The power of WITHIN 0 WORDS searches

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Francis | Forum Activity | Posted: Wed, Nov 12 2014 2:01 PM

This may be old news for some, but perhaps not others:

You can, for instance, use it to find Greek or Hebrew words that translate each other in the LXX

Search a morph-tagged LXX for the first lemma WITHIN 0 WORDS of the 2nd lemma.

For instance, <Lemma = lbs/he/אוֹ> WITHIN 0 WORDS <Lemma = lbs/el/καί> in the Septuagint with Logos Morphology, will give you all the hits in which אוֹ is translated καί.

The other way is to run a Bible Word Study starting from the Hebrew Lemma and under translation, change the Bible version to a LXX. Then you can click on the translation you are looking for in the pie chart to see a list of the corresponding verses. However, the search above gives much greater flexibility and can be exported to a Passage List.

You can also, for instance find all the times the word "Lord" refers to the person "God".

<Lemma = lbs/el/κύριος> WITHIN 0 WORDS <Person God>

You get the picture. It allows you to combine different attributes (and theoretically even more than just two).

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BillS | Forum Activity | Replied: Wed, Nov 12 2014 2:03 PM

Cool!

Grace & Peace,
Bill


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GaoLu | Forum Activity | Replied: Wed, Nov 12 2014 3:38 PM

Interesting and useful, thanks!

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Allen Browne | Forum Activity | Replied: Wed, Nov 12 2014 5:12 PM

Francis:
use it to find Greek or Hebrew words that translate each other in the LXX

Creative.

Posts 3771
Francis | Forum Activity | Replied: Thu, Nov 13 2014 2:00 AM

It would appear that WITHIN 0 WORDS does much of the same thing as ANDEQUALS. I don't know enough of what's under the hood to know whether there is complete correspondence or whether one or the other might be more adequate to find certain combinations.

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Forum MVP
Fr Devin Roza | Forum Activity | Replied: Thu, Nov 13 2014 3:16 AM

Francis:

It would appear that WITHIN 0 WORDS does much of the same thing as ANDEQUALS. I don't know enough of what's under the hood to know whether there is complete correspondence or whether one or the other might be more adequate to find certain combinations.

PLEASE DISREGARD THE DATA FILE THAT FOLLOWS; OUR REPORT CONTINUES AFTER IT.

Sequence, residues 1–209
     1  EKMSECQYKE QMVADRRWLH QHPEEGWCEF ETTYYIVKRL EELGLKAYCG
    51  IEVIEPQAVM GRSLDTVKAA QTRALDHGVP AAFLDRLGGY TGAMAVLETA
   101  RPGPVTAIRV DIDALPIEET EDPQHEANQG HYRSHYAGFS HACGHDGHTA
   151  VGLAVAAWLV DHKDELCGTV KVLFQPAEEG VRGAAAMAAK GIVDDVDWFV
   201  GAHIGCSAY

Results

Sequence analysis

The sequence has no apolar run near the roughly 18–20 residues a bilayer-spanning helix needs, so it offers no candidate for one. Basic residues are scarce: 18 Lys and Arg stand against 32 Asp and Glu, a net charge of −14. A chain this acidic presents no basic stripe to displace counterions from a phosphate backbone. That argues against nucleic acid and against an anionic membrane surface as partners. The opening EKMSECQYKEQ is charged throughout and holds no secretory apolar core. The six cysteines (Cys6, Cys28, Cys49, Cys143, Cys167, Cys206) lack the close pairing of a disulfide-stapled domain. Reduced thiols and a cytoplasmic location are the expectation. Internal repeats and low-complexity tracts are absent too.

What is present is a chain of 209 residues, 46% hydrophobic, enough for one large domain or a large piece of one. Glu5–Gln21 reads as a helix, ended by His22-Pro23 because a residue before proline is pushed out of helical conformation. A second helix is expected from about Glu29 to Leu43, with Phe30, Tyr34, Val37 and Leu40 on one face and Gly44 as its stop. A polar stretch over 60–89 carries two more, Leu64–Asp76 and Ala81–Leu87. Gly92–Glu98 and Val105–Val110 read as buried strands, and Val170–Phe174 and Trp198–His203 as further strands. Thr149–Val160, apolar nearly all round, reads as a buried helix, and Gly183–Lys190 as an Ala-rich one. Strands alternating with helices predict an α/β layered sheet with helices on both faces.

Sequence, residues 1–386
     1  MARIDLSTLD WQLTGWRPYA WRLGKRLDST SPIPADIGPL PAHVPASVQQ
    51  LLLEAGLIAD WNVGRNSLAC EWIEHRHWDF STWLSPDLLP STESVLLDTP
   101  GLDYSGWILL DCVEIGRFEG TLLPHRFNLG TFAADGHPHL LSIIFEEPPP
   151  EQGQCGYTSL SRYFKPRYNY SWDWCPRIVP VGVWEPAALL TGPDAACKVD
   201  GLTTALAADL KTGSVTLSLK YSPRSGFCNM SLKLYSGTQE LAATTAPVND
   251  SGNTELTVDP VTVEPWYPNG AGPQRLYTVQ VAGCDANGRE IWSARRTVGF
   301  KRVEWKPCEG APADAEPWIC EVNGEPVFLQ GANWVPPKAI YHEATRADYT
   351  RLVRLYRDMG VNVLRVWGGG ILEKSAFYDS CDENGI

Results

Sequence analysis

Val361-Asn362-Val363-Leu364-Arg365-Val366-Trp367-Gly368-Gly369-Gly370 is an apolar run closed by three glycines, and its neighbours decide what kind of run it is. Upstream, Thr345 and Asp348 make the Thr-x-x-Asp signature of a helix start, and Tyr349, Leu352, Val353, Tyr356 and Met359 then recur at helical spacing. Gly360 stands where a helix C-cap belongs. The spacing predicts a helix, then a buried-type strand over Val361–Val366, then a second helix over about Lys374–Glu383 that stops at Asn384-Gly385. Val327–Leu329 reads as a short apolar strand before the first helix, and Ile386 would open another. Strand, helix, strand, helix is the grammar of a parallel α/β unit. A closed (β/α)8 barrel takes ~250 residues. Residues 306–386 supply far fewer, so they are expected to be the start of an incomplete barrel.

They are generally the same, although the Wiki recommends that if you use the @ symbol in your search, it is best to use WITHIN 0 WORDS. 

Apart from this case, I tend to like ANDEQUALS better, not only because it's shorter to write, but also because it returns the number of search results for only 1 of the two words being compared (WITHIN 0 WORDS will have twice the number of hit results, as it actually is getting hits for both words).

This thread here has some interesting and advanced examples of this type of search: https://community.logos.com/forums/p/19229/145123.aspx#145123

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Mark Barnes | Forum Activity | Replied: Thu, Nov 13 2014 3:31 AM

Francis:
It would appear that WITHIN 0 WORDS does much of the same thing as ANDEQUALS. I don't know enough of what's under the hood to know whether there is complete correspondence or whether one or the other might be more adequate to find certain combinations.

Imagine multiple layers of data, like lines in an interlinear (but also including tagging that you can't see in the interlinear).

  • ANDEQUALS means "starts and ends in exactly the same place".
  • WITHIN 0 WORDS means "overlaps".
  • WITHIN means "is contained within".

It matters because lots of the tagging that L6 exposes covers multiple words, and ANDEQUALS won't always help.

This recent discussion shows a search where these three operators makes a big difference.

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